Phoenicia on edge of second flood last week

By Jay Braman Jr.
It was the sound of emergency sirens, not school busses, that woke people up early last Wednesday morning in Phoenicia, where residents were informed that a repeat performance of last week’s flooding was on the way.

Heavy rain had returned to the region, causing the Onteora Central School District to close for what was supposed to be the first two days of school.

Emergency service people began knocking on doors in low lying areas of the hamlet before dawn Wednesday, urging residents to seek higher ground until it was clear how bad things might get. Similar action was taken in the Oliverea area, where Shandaken Highway Superintendent Eric Hofmeister said it looked like it could get bad.

“We couldn’t even get up into McKinley Hollow to see how things are,” he said Wednesday morning, while keeping a watch on Stony Clove Creek, the culprit that caused much havoc to Phoenicia’s Main Street.

One block downstream, Jay Street resident Ed Ryder stood in his driveway as the water began licking at the tips of his workboots.

“I can’t believe it’s coming back,” he said, before returning to the clean up efforts he began over a week ago once tropical storm Irene departed.

Ryder, whose house was destroyed several years ago by another flood, rebuilt on the same spot, only this time with a massive 10-foot tall foundation under his home. That foundation, he said, kept his family high and dry, but ruined his property and the classic cars he had in his garage.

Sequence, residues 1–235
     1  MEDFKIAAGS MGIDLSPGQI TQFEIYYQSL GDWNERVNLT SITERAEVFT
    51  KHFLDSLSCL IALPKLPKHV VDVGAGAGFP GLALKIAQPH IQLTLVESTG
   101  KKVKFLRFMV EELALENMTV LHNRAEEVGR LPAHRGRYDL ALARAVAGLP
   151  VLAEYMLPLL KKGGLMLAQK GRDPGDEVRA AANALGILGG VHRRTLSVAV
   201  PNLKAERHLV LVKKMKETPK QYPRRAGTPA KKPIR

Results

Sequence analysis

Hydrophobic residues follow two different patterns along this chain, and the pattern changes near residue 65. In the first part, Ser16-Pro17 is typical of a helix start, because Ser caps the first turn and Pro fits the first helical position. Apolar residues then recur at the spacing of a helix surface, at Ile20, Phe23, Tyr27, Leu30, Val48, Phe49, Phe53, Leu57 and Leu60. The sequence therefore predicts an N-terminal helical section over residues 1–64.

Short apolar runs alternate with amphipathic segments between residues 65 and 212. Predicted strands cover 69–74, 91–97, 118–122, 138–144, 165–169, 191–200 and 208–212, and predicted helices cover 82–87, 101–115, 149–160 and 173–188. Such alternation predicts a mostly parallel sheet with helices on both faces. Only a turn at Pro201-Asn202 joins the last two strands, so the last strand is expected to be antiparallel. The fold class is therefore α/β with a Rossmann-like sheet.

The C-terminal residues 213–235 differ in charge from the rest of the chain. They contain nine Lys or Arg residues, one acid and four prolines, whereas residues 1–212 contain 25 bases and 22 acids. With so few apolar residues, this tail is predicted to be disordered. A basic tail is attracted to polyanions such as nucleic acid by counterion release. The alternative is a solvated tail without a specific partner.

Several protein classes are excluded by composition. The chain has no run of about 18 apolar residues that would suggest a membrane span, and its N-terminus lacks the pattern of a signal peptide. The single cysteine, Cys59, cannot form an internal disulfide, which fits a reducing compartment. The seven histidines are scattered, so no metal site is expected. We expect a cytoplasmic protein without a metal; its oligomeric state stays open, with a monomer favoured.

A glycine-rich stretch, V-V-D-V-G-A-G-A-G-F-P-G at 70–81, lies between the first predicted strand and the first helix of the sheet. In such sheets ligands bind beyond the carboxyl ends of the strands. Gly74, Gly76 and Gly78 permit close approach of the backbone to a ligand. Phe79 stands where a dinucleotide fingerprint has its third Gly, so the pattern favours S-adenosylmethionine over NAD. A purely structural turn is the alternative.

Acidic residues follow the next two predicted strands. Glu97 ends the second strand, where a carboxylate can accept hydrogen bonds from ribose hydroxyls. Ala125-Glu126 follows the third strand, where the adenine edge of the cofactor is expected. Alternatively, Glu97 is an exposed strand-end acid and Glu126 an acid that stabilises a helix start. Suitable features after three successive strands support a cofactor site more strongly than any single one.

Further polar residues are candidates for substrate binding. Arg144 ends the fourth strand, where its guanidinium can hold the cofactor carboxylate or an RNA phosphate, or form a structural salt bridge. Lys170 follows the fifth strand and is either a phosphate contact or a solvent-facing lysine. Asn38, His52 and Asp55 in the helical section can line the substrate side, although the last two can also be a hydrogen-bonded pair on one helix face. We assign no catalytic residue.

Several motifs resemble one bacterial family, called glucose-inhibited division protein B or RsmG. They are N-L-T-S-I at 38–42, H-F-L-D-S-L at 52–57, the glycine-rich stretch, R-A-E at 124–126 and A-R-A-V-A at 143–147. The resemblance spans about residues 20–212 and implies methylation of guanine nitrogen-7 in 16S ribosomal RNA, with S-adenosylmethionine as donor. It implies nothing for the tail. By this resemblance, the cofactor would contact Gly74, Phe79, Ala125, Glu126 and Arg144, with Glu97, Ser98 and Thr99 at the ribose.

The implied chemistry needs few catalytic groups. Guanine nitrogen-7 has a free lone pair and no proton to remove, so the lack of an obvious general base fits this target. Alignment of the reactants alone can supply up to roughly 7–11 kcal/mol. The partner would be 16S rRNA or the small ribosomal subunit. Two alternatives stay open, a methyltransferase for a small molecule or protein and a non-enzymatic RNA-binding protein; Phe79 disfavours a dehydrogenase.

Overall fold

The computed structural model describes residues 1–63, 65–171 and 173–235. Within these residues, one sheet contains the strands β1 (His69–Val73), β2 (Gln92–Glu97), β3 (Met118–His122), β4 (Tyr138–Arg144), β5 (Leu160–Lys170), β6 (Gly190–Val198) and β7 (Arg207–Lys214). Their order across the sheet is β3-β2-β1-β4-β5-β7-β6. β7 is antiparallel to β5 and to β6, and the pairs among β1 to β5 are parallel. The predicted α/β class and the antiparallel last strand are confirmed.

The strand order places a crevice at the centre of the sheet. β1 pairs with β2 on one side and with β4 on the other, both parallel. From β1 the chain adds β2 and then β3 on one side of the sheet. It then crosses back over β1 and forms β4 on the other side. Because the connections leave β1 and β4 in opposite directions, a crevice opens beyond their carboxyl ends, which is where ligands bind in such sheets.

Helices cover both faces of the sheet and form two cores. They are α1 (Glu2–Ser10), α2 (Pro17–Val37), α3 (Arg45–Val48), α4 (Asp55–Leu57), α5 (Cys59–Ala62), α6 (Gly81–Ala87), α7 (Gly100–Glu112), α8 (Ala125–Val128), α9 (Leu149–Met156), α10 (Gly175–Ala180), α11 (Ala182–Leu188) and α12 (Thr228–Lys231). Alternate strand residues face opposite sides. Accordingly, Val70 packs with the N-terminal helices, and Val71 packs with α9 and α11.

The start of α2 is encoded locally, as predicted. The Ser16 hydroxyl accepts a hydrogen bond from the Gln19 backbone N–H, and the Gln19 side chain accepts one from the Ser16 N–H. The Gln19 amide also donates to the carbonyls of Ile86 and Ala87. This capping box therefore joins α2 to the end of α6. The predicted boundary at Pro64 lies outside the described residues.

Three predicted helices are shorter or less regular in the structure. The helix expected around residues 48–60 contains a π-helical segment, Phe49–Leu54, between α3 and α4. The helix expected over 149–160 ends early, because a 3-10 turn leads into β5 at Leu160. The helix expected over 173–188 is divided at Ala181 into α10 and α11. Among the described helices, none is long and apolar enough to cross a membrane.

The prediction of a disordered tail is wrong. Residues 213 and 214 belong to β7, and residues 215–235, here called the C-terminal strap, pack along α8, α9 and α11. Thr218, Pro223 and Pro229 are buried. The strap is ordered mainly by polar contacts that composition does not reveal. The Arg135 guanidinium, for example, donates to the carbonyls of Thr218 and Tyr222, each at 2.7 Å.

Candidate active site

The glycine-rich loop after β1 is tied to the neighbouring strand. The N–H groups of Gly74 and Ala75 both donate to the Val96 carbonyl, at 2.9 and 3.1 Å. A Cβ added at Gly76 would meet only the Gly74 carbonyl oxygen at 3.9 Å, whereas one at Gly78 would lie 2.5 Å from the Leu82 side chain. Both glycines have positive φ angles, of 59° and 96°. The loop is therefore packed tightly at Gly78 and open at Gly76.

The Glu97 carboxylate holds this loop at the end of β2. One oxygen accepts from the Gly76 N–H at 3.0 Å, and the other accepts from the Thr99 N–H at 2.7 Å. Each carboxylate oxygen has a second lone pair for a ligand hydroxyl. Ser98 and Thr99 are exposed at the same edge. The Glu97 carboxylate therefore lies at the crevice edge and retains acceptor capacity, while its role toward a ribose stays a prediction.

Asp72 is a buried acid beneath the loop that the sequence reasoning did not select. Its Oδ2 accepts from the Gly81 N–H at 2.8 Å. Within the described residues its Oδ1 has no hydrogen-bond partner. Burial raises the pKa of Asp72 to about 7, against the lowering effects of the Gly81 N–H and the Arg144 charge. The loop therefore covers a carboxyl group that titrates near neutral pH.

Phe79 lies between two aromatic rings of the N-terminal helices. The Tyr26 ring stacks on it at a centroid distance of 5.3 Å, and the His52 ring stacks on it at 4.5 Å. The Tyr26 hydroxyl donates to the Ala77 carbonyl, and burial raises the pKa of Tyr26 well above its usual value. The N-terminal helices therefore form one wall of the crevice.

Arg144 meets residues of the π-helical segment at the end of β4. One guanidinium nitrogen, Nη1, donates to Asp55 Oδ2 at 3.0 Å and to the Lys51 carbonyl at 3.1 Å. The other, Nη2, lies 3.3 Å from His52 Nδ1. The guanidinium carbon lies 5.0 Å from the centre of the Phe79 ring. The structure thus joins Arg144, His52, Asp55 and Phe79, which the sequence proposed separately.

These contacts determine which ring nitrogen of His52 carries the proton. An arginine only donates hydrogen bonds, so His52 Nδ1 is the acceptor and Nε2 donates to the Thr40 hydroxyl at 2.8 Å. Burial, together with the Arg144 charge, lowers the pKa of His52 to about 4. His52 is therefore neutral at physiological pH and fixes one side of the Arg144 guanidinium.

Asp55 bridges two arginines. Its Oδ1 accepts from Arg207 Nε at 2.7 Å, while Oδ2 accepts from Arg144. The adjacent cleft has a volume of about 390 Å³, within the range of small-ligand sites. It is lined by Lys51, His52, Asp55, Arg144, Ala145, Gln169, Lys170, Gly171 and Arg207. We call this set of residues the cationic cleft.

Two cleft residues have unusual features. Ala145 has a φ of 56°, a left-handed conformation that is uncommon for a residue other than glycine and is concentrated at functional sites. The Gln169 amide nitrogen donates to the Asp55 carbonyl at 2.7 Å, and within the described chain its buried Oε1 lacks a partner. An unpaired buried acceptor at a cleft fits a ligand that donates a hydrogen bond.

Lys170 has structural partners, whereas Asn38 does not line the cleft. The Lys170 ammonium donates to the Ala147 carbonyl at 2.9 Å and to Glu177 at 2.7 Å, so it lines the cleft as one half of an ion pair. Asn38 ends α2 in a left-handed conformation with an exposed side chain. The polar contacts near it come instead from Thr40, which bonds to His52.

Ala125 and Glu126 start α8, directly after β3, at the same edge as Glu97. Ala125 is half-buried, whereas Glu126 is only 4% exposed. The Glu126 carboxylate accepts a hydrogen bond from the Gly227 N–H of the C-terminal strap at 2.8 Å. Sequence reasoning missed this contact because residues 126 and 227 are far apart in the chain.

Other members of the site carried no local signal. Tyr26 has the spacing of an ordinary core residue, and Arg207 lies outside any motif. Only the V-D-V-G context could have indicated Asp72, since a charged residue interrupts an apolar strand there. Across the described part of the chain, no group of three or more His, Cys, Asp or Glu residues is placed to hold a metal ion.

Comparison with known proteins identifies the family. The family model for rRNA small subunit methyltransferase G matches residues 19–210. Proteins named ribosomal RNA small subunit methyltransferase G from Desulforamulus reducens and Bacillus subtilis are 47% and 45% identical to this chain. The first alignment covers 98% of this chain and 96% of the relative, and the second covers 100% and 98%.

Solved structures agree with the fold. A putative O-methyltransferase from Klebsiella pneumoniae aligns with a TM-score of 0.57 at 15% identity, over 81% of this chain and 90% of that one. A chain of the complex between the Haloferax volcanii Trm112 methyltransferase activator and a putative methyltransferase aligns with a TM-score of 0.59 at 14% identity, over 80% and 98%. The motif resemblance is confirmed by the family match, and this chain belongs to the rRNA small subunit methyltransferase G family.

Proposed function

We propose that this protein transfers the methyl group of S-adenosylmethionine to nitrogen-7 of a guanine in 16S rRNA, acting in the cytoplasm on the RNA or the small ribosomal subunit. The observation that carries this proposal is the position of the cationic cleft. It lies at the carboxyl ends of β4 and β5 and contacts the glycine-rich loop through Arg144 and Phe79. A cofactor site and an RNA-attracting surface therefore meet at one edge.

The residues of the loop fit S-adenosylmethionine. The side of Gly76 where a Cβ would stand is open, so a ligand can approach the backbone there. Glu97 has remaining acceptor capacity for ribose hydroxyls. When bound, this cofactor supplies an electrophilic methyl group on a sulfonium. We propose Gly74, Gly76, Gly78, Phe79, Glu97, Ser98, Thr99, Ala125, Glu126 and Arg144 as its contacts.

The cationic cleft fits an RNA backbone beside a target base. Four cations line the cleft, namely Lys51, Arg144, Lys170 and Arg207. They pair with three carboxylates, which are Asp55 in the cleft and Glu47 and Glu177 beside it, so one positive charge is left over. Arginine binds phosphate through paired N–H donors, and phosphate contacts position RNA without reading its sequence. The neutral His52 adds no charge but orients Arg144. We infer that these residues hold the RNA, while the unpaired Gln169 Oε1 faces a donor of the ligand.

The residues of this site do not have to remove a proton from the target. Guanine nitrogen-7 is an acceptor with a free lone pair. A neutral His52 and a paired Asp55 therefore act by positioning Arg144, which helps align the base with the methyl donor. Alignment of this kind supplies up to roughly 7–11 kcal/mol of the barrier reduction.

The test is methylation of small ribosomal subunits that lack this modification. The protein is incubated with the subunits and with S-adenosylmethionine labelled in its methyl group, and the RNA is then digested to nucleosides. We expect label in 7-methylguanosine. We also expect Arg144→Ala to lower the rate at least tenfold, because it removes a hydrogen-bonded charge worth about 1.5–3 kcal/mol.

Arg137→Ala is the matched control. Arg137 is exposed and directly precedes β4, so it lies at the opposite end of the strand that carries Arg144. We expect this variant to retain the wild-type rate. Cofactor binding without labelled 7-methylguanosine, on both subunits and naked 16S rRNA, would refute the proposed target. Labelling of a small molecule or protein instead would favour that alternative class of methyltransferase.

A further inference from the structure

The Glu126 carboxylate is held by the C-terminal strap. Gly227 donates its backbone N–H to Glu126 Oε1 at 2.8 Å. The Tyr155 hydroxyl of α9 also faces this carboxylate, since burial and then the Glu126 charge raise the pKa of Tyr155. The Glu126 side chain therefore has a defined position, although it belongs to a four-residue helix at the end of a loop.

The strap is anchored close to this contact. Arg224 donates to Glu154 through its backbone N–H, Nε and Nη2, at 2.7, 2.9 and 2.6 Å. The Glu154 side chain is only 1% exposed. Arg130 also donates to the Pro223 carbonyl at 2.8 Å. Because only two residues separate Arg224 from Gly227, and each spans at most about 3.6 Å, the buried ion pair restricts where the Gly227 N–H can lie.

“Irene just busted the garage door down,” he said.

As the water continued to rise, unconfirmed reports came in that the Route 28 bridge at Mount Tremper, had been closed, causing traffic to flow along what is known as the Old Plank Road, a three-mile stretch of roadway that has its own issues.

“Water there comes up quick,” Hofmeister said, while taking another glance at the Stony Clove.
The highway superintendent worried that the flooding last week could damage much of the repair work that has been done on roads throughout Shandaken just one week prior, but, there was no way of knowing.

“We just have to wait until the water level goes down,” he said.

Another thing that must wait is the race against time dredging project right behind Hofmeister in the Stony Clove. Much of the work has been done, but crews had not yet been able to get under the Main Street Bridge to scoop out the stone and gravel that was piled to within only four feet of the bridge’s undercarriage. That work was scheduled for last Wednesday. But the water came up too fast and the job was abandoned.

It was hoped the work could get done before that day’s high water.
“Who knows, maybe the stream will get rid if it all by itself,” he added.
When the water did subside, Supervisor Rob Stanley said there was more damage.

“Waters have receded, but at a slow rate. We did lose temporary infrastructure on Oliverea Road,
McKinley Hollow, Little Peck Hollow with additional damage to Burnham Hollow,” he said.